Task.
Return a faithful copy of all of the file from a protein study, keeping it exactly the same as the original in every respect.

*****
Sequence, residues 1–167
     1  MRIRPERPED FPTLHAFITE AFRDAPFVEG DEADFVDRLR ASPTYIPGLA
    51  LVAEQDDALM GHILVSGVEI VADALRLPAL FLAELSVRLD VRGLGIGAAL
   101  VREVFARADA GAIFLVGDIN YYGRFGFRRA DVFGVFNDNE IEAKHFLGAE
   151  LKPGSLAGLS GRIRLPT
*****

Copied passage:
Sequence, residues 1–167
     1  MRIRPERPED FPTLHAFITE AFRDAPFVEG DEADFVDRLR ASPTYIPGLA
    51  LVAEQDDALM GHILVSGVEI VADALRLPAL FLAELSVRLD VRGLGIGAAL
   101  VREVFARADA GAIFLVGDIN YYGRFGFRRA DVFGVFNDNE IEAKHFLGAE
   151  LKPGSLAGLS GRIRLPT